February 20, 2022
I have experience with two GPS navigation systems. My Android phone has Google Maps. My car also has one, powered by TomTom. All things being equal (as when I drive my car) both are in direct competition. I have to put my trust in one of them. I can’t objectively tell which one is better. Yet, somehow I tend to use one of them often and avoid the other.
In this case, my decision-making process seems as irrational as the ones software developers have while adopting frameworks and tools. So I got intrigued and tried to debug and backtrace it. The more I think about it, the more I believe both are influenced by the same perception of reality.
February 10, 2022
At the time of writing this, the DevRel team at AxonIQ consists of four people (including me). We are two Developer Advocates, a Community Platforms Developer, and a Learning Experience Designer. The flat structure makes perfect sense at this team size. But our plans are huge, and four people can only cover so much ground. Clearly, the team needs to grow.
Instead of just rushing to hire a few more folks, I started asking myself how the team would look like in, say, two years from now? What roles and responsibilities are crucial and aligned with the company’s growth? How should those be organized? I like to have a plan. Even if only to change it later on. So here is one. And I’m going public with it. Perhaps it may help other folks facing the same challenge.
February 09, 2022
There are a lot of publications explaining how crucial DevRel (Developer Relations) and DX (Developer eXperience) are for software vendors. It seems more, and more of them establish such teams. The goals they hope to achieve probably vary a lot. Yet, according to the 2021 edition of State of Developer Relations report, most often, such teams report to marketing. Is DevRel a fancy name for developer-focused marketing then?
There are also plenty of posts about what the Developer Evangelist and Developer Advocate roles are about. One can sense the struggle to convince others that those are actual professions and need to be appreciated as such. There is always (at least indirect) relation to revenue generation. It’s like those folks feel guilty that what they do, does not directly translate to dollars or euros. I can’t help but wonder why that is. I mean, do you know an HR professional or an accountant worried that their work does not generate revenue?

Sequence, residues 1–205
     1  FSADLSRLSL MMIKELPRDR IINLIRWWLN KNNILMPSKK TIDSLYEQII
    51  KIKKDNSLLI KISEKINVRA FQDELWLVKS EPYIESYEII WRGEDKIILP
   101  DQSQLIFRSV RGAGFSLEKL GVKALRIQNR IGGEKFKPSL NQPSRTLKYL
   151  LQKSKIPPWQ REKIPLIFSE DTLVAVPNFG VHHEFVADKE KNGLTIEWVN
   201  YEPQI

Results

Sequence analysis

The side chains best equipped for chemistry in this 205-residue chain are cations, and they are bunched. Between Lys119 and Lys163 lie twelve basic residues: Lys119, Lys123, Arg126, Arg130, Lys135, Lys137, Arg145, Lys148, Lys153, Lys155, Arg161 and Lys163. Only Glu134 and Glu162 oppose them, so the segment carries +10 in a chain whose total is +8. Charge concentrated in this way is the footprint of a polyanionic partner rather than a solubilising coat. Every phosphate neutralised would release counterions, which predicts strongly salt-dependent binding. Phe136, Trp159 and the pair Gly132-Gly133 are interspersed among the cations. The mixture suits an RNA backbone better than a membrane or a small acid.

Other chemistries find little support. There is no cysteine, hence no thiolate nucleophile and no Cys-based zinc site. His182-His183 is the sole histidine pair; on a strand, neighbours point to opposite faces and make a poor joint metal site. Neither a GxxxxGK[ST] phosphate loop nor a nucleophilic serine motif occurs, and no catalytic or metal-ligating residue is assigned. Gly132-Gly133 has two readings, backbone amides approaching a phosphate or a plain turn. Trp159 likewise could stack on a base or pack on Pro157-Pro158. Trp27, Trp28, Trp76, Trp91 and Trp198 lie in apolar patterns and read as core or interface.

So this post is my take on the whole DevRel, DX, Evangelism, Advocacy, … thing. I’ve spent over 10 years on the field and have a “strong” opinion that I want to share with you. That does not make me right about any of it. My experience shaped my opinion. I understand yours may be completely different, so you are more than welcome to disagree with me.
August 30, 2020
I recently joined AxonIQ to help them evolve their Developer Relations to the next level. One of the things I am currently evaluating is the steepness of the adoption curve of Axon Framework and Axon Server. One of the things that catch my attention was that, in almost all examples and demos, the classes representing events, commands and queries are written as Kotlin data classes (here is an example).
It got me thinking and last week I put this poll on Twitter
Say you work on a project primarily written in #java and it needs a lot of data classes (only fields and methods for accessing them). What would you use to avoid the boilerplate code? Please RT for reach.— Milen Dyankov (@milendyankov) August 17, 2020
The tweet received some comments and suggestions about solutions and approaches I wasn’t aware of. I thought that may be the case for other people too. So in this post I’ll talk about the options one has to implement a data classes in Java (and JVM languages). I hope it’ll help readers pick the right approach for their own use case.
December 14, 2019
Today I want to talk about something that has been bothering me for quite a while now - the side effects of how we teach people to use frameworks, libraries, tools, …
It’s an issue I’ve observed a lot over the years. To the point I have somehow trained myself to immediately notice it when I see it. It’s present in conference talks, blogs, articles, video tutorials, code samples, … virtually any type of learning material that shows Java classes in packages. A lot of those materials are created by people whose knowledge and intentions are unquestionable. I’m full of respect for the great work those folks do. Yet I can’t help but notice how many of them involuntary introduce to young developers a very bad practice.